As to the performances, things shape up quite well. Rossana Yanni, Dyanik Zurakowska and Aurora de Alba are all quite fetching, with the latter vamping it up quite nicely in her villainous role. Julian Ugarte is fun to watch as the vampiric ‘doctor’ supposedly out to help Daninsky, it’s a kick to see him strutting about in the last half hour of the film, flashing his cape and baring his fangs. The real star of the show, however, is Naschy. He’s quite obviously very committed to this role and he gives it his all. His delivery is fine but it’s really the physical side of his work here that impresses. When he first turns into the werewolf, he really does seem pained and tortured by the experience and once transformed, brings a very feral approach to the character that works perfectly. On top of that, the makeup used to turn him from Daninsky into the werewolf is also very strong.

    Note that this is the Spanish version of the feature, so the animated intro that was added to Sam Sherman’s release is not included.

    Video/Audio/Extras:

    Die Vampires Des Dr. Dracula arrives on a 50GB Blu-ray disc in an AVC encoded 1080p high definition transfer framed at 2.35.1 widescreen with a solid bit rate. Colors look great here – the reds look quite splashy and bold without coming across as artificially while skin tones look nice and natural. The image appears free of any artificial sharpening, edge enhancement or noise reduction so a fair bit of film grain is present, just as it should be. Minor white specs and the odd scratch will show up from time to time but for the most part the picture remains quite clean and clear throughout and it’s quite a serious upgrade from the domestic DVD release that came out through Media Blasters a few years ago. Black levels are quite nice and there aren’t any problems with crush or compression artifacts. This is a nicely detailed and very film-like transfer, the movie looks very good here.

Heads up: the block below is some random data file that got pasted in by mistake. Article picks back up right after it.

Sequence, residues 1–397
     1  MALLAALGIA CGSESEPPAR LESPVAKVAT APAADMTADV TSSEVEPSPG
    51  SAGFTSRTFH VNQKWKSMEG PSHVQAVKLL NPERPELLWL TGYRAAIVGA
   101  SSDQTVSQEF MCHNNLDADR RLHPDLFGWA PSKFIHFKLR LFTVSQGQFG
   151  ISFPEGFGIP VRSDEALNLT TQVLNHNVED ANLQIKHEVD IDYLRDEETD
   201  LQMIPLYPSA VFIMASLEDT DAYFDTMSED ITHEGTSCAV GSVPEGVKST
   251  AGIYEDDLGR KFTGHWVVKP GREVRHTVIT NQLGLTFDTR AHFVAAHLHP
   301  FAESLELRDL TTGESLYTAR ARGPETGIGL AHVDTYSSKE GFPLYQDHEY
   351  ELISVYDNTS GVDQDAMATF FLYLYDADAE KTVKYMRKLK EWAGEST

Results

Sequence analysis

Audio options are provided in German and in Spanish PCM Mono with optional subtitles provided in German and English. The Spanish track is clean and clear and properly balanced, the film’s unusual score sounds quite good here and there are no problems with any hiss or distortion. The English subs are easy to read and free of any obvious typos. Sadly the English audio, which differs from the Spanish track in places, hasn’t been included here.

    Extras include two German language trailers, a U.S. trailer and a US TV spot, just over four minutes of international title sequences, a hefty still gallery, menus and chapter selection. Additionally, the Blu-ray disc comes housed inside a DVD sized keepcase that also contains a DVD version of the movie and a full color insert booklet (unfortunately all in German). This in turn fits inside a slick looking cardboard slipcover. Nice packaging on this release!

    The Final Word:

    Die Vampires Des Dr. Dracula holds up quite well more than forty years since it was first made. Completists will want to hold onto the US Frankenstein's Blood Terror DVD (for the extras) but the presentation here blows that one out of the water. The feature really benefits from the quality of the transfer and Naschy himself is really strong here.

    Click on the images below for full sized Blu-ray screen caps!